Established in 1792, Teatro La Fenice is regarded as one of the most respected venues in the history of Italian theater. Destroyed by fire three times, the theater was rebuilt, because of which it was named Teatro La Fenice (The Phoenix). Originally built by Gianantonio Selva, the later iterations were constructed by Tommaso and Giovanni Battista Meduna (1837) and Aldo Rossi (2003). Equipped with great acoustics, this premier opera house is among the best venues in town to watch superb opera performances, chamber music concerts, and ballets.
The Teatro Goldoni has gone through several changes over the years and is a spot frequented by locals as well as visitors. Named after the 18th Century dramatist Carlo Goldoni, it actually began as Teatro San Luca, way back in 1622. With a seating capacity of 800, Teatro Goldini is known for the diverse range of performances it hosts throughout the year. Apart from some of the most scintillating concerts in the city, the theater offers ballets, operas and various other live acts. Check the website for a complete schedule of events.
Teatro Malibran, founded towards the end of the 17th Century, is one of Venice's finest venues that hosts a number of artists and musicians. The building, which resembles its original structure, now has wider theater boxes, and a lengthened gallery. Located in the heart of historical center of Venice, the Malibran brings in thousands of Italy's theater-goers each year.
Located inside Giardino Groggia, Teatrino Groggia is a historic building that was built way back in the 1600s. It has since been restored, and was opened as a theater in 2001, with effort of the city council. The 99 seat theater hosts a variety of cultural performances, with everyone from theater companies to school kids having displayed their talent here.
Inaugurated in 1913, Stadio Pierluigi Penzo is located on Fondamente Sant’Elena. This stadium is home to F.B.C. Unione Venezia and one of the most popular and oldest stadiums in Venice. It holds up to 7,426 spectators and is accessible only via a boat ride (like most places in this wonderful city). In 1939, after Venezia earned a promotion to Series A, the stadium was renovated with advanced technological augments. The record attendance at this stadium stands at 26,000 which was when hordes of residents and visitors swarmed here for a Venice v/s Milan match.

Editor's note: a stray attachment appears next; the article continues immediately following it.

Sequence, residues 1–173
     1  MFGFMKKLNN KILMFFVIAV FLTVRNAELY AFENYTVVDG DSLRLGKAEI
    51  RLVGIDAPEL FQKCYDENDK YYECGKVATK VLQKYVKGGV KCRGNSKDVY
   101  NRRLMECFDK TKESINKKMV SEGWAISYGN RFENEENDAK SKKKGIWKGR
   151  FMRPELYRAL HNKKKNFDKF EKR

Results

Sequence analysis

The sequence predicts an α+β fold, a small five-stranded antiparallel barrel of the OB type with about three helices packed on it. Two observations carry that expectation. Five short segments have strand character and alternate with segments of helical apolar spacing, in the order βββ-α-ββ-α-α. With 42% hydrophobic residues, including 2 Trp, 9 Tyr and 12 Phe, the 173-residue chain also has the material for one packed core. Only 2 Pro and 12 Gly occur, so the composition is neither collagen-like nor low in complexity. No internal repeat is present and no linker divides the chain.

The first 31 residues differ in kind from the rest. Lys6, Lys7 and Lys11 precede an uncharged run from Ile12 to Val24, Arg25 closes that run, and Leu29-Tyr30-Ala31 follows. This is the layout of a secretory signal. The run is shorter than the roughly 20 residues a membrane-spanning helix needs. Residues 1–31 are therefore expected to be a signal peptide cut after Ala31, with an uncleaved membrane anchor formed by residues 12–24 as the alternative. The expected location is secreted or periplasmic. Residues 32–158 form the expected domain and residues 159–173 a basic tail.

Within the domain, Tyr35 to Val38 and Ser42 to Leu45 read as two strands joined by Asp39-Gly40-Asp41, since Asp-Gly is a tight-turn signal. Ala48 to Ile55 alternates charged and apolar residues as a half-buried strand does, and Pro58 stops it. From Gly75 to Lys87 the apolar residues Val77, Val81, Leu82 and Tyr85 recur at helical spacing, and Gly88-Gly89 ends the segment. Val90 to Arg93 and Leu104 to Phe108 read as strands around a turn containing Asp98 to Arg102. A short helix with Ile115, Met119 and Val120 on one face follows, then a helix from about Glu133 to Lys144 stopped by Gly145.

Teatro Toniolo puts on an annual season of shows and concerts ranging from chamber music to Italian vocalists. The acoustics are good and the theater seating is comfortable. Its only drawback, shared by the whole city, is the lack of free parking - try the pay-garage in Piazzale Candiani.
The Palazzo Cavalli Franchetti is an impressive waterfront structure that represents the neo-Gothic style of architectural designing. In the past, it has been the residence of many prominent Venetian families. In 1999, the VIC (Venice Cultural Initiatives) was appointed to manage as well as preserve the Palazzo Cavalli Franchetti. Since then, this organization has been maintaining it and hosting variety of events here. Cultural events, expositions, conferences and many other activities are a regular feature here. Truly, the Palazzo Cavalli Franchetti is worth visiting for its splendid location, stunning architecture and interesting events. For bookings, events updates and other information, check website.
Seat back, relax, and enjoy a film at Multisala Giorgione. The movie theater has comfortable seats and a top notch sound system. Multisala Giorgione is also known for showing independent, foreign and artistic movies.
Teatro Verde is one of those few entertainment venues in the city which is as dramatic as the performances held here. The venue was constructed using leftover materials from the islands restoration work. One has to reach the venue after by passing a gorgeous tree-lined path, which serves as a link between the venue and the rest of the Island. The venue sits over 1000 audiences and hosts a variety of cultural as well as artistic performances. With impeccable acoustics, Teatro Verde is a wonderful replica of the Roman-Greek theaters; a masterpiece from architects Luigi Vietti and Angelo Scattolin.